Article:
I realised the odds were against our committee when at the handover meeting the former President ever so casually mentioned the £3000 of debt that we’d be inheriting, and a quick glance around all of my new committee buddies confirmed that this was in fact Brand New Information™.
It was not a great start, but, with a good bit of graft, and absolutely literally NO expenditure all year (cry) we pulled it back.
I held the role of Vice President, the description for which was the extremely non-committal ‘support the President in their role’. Vague and unhelpful? Definitely. But because of this, I was able to be involved with the society in exactly the way I wanted (and, no, I don’t mean by shirking off and letting the CV gains flow). I helped to arrange socials, coordinated stash sales (although by this I definitely mean sat drinking Camper Coffee with the President in front of a spreadsheet to give the illusion of productivity), handled the administrative side of the society, played netball for the intramural team; lots of fingers, lots of pies, basically.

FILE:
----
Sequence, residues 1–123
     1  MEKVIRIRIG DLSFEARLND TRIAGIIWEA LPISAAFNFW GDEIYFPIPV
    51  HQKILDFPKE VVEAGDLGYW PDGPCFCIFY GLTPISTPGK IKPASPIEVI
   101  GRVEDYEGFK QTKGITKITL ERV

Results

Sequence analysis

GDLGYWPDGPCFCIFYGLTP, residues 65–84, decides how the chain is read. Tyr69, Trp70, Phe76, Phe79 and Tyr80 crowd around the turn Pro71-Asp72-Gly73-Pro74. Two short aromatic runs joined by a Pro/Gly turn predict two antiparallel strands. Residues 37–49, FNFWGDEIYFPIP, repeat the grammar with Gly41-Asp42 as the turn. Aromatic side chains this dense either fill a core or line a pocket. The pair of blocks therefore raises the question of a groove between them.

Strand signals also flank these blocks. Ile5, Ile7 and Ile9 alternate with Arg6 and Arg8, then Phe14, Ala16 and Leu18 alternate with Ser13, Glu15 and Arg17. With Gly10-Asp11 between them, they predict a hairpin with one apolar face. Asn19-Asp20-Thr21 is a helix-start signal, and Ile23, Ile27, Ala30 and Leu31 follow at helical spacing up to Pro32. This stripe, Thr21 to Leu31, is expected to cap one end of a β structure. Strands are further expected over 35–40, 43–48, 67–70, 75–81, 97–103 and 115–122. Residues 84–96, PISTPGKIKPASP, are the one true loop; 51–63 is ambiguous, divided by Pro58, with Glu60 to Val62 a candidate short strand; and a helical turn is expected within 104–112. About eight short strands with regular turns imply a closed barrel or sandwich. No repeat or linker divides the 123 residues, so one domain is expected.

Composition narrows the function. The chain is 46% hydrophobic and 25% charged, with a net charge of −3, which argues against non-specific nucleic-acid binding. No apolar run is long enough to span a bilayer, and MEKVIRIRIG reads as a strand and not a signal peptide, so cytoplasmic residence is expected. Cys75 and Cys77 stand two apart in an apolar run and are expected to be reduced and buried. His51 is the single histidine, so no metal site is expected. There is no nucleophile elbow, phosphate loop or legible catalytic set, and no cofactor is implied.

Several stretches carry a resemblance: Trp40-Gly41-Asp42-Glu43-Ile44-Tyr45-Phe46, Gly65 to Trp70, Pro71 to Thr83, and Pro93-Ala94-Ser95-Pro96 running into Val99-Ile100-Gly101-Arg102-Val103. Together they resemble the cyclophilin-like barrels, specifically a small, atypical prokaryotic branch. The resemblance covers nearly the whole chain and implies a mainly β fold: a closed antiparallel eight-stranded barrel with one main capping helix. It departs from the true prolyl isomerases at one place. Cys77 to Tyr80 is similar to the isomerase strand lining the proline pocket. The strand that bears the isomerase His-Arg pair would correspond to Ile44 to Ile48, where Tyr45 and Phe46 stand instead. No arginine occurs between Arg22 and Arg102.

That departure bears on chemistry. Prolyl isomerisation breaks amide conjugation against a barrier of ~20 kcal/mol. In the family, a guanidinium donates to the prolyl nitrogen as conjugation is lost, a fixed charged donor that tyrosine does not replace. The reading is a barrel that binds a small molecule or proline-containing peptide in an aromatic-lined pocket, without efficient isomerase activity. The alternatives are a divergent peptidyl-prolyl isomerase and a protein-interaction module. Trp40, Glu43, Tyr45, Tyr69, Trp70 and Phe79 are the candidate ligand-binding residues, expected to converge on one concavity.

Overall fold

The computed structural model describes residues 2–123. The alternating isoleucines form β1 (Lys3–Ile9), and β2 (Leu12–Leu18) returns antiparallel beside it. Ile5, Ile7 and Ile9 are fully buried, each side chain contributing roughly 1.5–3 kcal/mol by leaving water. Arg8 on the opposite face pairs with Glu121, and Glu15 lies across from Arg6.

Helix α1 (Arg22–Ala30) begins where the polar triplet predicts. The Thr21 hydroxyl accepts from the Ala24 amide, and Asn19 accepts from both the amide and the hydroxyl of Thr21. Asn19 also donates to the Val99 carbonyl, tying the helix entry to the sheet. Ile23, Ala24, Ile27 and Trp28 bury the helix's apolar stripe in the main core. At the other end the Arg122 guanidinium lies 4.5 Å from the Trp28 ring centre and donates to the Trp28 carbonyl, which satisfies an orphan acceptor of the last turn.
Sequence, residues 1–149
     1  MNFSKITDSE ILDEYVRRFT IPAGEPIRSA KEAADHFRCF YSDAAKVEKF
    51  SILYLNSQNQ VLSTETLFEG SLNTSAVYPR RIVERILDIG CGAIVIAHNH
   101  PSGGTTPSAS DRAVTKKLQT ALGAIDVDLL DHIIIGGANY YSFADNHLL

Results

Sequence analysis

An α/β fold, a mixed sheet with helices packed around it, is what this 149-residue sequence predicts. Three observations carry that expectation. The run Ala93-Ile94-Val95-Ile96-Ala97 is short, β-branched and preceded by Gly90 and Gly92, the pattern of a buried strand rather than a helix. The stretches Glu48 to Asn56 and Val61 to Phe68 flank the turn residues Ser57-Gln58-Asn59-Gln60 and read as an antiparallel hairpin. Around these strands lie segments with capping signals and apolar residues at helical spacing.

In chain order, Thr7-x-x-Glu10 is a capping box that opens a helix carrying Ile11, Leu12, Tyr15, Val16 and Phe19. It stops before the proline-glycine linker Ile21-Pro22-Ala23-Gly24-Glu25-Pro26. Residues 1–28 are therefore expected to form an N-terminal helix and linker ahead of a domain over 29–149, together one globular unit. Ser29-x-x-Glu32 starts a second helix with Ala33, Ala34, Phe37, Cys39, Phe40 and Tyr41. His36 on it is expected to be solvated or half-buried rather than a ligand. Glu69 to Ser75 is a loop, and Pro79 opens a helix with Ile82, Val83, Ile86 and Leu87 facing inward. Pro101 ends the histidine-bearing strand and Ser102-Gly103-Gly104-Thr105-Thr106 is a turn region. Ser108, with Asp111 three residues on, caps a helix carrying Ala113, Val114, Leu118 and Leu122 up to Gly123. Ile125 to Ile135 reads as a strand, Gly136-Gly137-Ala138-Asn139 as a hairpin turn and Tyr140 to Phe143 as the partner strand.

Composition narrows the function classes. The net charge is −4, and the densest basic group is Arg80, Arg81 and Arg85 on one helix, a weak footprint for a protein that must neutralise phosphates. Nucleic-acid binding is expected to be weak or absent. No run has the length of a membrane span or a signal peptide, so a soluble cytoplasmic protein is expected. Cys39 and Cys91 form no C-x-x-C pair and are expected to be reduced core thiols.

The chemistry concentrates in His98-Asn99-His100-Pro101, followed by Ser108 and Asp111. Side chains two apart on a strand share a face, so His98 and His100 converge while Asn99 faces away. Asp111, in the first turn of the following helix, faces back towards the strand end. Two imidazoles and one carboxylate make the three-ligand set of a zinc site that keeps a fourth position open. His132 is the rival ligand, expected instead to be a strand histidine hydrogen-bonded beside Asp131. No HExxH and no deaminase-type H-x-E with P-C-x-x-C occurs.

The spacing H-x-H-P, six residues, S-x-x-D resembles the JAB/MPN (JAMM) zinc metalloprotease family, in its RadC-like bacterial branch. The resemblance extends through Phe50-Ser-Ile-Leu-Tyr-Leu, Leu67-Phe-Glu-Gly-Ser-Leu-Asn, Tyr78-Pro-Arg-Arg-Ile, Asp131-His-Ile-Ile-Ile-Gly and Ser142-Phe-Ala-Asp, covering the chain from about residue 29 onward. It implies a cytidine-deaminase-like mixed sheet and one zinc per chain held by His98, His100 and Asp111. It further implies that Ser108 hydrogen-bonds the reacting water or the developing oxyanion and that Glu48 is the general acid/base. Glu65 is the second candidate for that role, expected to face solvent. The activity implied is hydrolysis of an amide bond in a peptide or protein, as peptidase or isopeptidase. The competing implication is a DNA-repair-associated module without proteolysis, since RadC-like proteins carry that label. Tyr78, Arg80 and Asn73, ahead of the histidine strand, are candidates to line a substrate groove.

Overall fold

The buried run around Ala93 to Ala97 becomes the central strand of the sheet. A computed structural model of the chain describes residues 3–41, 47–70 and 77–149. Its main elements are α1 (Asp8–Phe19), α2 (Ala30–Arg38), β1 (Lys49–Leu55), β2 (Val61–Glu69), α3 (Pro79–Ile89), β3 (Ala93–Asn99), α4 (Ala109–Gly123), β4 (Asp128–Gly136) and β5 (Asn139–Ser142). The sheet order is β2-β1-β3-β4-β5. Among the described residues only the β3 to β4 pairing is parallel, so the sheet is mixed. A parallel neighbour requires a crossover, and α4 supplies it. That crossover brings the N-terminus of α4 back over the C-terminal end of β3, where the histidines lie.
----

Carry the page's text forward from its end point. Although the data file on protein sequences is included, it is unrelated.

Excel spreadsheets haunted my dreams
That’s absolutely not to say that I got to cherry-pick my responsibilities because my goodness I ended up doing some ridiculous stuff. The best/worst thing I did was work to organise the winter and summer balls, which was fabulous and rewarding in the end, but also, at the time, Excel spreadsheets haunted my dreams. You do not know stress until you’re trying to sort out dietary requirements, and are drinking your complementary wine purely to overcome the anxiety that someone might be allergic to the raspberries in the last-minute change of pudding and poison themselves right there and then at your event, and oh my gosh, then you’d actually have to do some paperwork.
Maybe I was lucky with my committee, or maybe it was the pretty flexible nature of my role, but the experience I had was much more than a tactical manoeuvre to boost my CV – it became one of the best parts of my second year.bookmark me